A little command-line interface (CLI) utility written in (almost) pure Python to help you reduce the file size of images.
You must explicitly pass it a path to the source image file or to the directory containing the image files to be processed. By default, it will go through all of its subdirectories and try to optimize the images found. You may however choose to process the specified directory only, without recursion.
This application is intended to be pure Python, with no special dependencies besides Pillow, therefore ensuring compatibility with a wide range of systems, including iPhones and iPads running Pythonista 3. If you don’t have the need for such a strict dependency management, you will certainly be better served by any several other image optimization utilities that are based on some well known external binaries.
While it certainly can’t compare with other well-established image compression utilities, it can still be prety handy as a quick one-liner to perform some of those optimizations. This is particularly true when doing web development or web content publishing on iOS, since there are very few tools available for web image optimization, and none that really compares to what you get on desktop. Whether you’re using your iPhone or iPad to build and update a static website, or to write and publish posts to a Wordpress blog, image optimization is something you won’t want to overlook.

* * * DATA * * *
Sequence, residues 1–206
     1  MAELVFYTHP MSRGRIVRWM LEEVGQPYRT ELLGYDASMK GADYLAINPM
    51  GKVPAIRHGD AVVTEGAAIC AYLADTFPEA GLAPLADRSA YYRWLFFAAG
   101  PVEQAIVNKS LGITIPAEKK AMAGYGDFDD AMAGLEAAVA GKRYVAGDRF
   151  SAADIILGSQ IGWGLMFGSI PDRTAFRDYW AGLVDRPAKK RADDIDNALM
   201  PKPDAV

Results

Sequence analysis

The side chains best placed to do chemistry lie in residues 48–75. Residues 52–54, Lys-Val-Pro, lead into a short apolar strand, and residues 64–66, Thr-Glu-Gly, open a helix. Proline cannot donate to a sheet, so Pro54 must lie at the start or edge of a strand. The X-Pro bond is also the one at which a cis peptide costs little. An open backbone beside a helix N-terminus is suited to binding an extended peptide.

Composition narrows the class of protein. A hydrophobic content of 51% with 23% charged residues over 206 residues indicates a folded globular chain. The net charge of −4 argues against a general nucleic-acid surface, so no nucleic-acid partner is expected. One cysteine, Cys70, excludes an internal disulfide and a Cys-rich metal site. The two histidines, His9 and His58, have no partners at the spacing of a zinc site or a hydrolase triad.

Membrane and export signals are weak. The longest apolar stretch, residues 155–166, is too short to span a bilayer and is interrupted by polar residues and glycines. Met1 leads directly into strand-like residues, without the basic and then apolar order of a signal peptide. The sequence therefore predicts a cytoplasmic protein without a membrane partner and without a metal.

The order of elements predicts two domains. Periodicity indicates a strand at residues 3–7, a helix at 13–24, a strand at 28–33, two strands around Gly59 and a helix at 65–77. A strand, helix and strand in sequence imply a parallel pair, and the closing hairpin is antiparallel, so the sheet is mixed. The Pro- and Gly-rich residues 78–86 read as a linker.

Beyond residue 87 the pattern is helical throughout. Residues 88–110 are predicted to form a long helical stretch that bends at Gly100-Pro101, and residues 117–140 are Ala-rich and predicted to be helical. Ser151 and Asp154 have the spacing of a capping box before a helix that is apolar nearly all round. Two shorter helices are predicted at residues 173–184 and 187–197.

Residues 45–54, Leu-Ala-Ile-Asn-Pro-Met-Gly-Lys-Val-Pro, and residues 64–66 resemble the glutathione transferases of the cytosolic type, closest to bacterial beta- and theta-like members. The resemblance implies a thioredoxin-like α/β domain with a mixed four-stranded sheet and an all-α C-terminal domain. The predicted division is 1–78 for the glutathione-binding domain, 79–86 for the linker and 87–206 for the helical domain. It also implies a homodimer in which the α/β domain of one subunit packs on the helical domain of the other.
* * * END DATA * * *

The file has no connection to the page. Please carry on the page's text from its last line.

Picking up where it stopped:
Despite the limitations imposed by the scope of this project (keeping compatibility with iOS), there are some nice aspects to it, like for instance the ability to automatically adjust its operation to the device being used. Some extra care has been put into the text output formating, so everytime you run it it will adapt to the current screen width, even on iOS (try to turn your device horizontally and run it again). On iOS, you will benefit from multithreading, which provides a good performance, but on a regular computer it will compress several images in parallel making use of all available cores or processors to finish the whole set of images faster.
Bonus Tip: If, like me, you’re using Pythonista to build and update a website (based on Pelican, Nikola, or any other tool), you can use the Workflow app (and maybe soon, Siri Shortcuts in iOS 12) to create a home screen shortcut that launches this script and optimizes all the images in your
output folder in one single step.
Want to know more about this project? Check out its full story of its begining in the blog.